The Children, by Ann Leary. I adored Leary's previous novel, 2013's The Good House, stuffed to bursting with small New England town gossip and secrets and very memorable characters. Her new novel, The Children, introduces readers to a different side of New England, this time of a wealthy yet unconventional Connecticut family, as told by Charlotte Maynard, a reclusive 29-year-old who has a secret (and famous) life on the Internet. Every family has its secrets, and it appears that those of the Maynards is about to be revealed in the wake of a patriarch's passing and in the face a son's wedding.
LaRose, by Louise Erdrich. Erdrich's name is one you should have heard before. After all, her last novel, 2012's The Round House won the National Book Award and 2008's The Plague of Doves was nominated for a Pulitzer Prize. But if you're unfamiliar, you have time to catch up, or you can dive right into her latest. Here, she brings readers an emotionally haunting contemporary tale of a tragic accident, a demand for justice, and a profound act of atonement with ancient roots in Native American culture.
The Curious Charms of Arthur Pepper, by Phaedra Patrick. Arthur Pepper lives a simple life, eventless since his beloved wife, Miriam, died: same food, same clothes, same daily routine. On the one-year anniversary of her death, something changes. While painfully sorting through her possessions, Arthur finds an exquisite gold charm bracelet he never saw her wear. On the chain are an elephant, a tiger, a book, a heart, a palette, and other charms. Curious, Arthur begins a search for the origin of these trinkets that takes him from New York to London, Paris, and India. Not only is Arthur's life amazingly altered, but he learns much more about Miriam and the choice she made when she married him. This debut novel is generating quite a lot of buzz in addition to favorable comparisons to recent favorites like Nina George's The Little Paris Bookshop (which I loved like no other) and Rachel Joyce's The Unlikely Pilgrimage of Harold Frye.
June, by Miranda Beverly-Whittemore. How could Cassie Danvers have been named the sole heir of Hollywood movie idol Jack Montgomery, who says she's his granddaughter? But it turns out that Montgomery once made a film in her grandmother June's hometown, and therein lies a tale of blackmail, murder, betrayal, and heartbreak. Beverly-Whittemore's debut, 2014's Bittersweet, was incredibly well-received. I expect this second offering will be as well.
The Rules of Love & Grammar, by Mary Simses. Like several other authors in this post, Simses's reputation precedes her. In her case, her debut of 2013's The Irresistible Blueberry Bakeshop & Cafe has been a huge favorite among my library's readers. In her new novel, she hits close to home, newly jobless, newly single, and suddenly apartmentless, writer Grace Hammond has come unmoored. A grammar whiz who's brilliant at correcting other people's errors, she hasn't yet found quite the right set of rules for fixing her own mistakes. Desperate to escape the city and her trifecta of problems, Grace hits pause and retreats to her Connecticut hometown. What begins as a short visit with her parents quickly becomes a far more meaningful stay, though, as she discovers that the answers to what her future holds might be found by making peace with-and even embracing-the past.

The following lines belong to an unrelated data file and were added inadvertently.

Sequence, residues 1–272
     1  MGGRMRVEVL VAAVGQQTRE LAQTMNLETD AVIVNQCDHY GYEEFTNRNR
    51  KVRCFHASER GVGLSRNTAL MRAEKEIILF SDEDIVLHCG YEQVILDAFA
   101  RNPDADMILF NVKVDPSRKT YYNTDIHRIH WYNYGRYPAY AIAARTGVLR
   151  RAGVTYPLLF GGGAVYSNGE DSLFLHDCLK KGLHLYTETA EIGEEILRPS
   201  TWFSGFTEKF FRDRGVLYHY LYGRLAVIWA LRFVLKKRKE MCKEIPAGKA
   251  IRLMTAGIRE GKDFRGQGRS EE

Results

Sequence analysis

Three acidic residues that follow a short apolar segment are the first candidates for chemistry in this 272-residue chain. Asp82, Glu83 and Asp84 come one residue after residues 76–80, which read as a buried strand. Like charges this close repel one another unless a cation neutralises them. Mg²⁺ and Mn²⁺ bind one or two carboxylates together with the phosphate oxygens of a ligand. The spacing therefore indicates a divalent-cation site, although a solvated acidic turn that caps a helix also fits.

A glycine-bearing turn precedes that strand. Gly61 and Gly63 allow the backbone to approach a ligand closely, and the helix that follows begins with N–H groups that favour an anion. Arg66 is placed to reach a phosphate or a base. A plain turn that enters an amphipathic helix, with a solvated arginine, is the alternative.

The Fall of Man in Wilmslow, by David Lagercrantz. This novelist's name may be familiar, as he wrote the follow-up to Stieg Larsson's legendary Lisbeth Salander trio, titled The Girl in the Spider's Web. This departure delves into the death of British mathematician Alan Turing in 1954. Det. Constable Leonard Corell welcomes the assignment of looking into Turing’s apparent suicide as a break from the boredom of working in the quiet backwater of Wilmslow. Corell, who as a boy had a head for numbers, feels a connection with the dead man, a sentiment that deepens when the policeman learns that Turing was arrested for indecency and subject to some horrific treatments intended to “cure” him of his homosexuality. Turing’s experience revives painful memories of Corell’s own boarding school days, even as his investigation attracts the attention of higher-ups who want things handled discreetly. Corell’s identification with Turing threatens his own professional standing when he bridles at speculation at the inquest as to Turing’s motives for committing suicide. Turing has been made a household name after the release of The Imitation Game starring Benedict Cumberbatch--fans of the movie may want to check out this novel, too.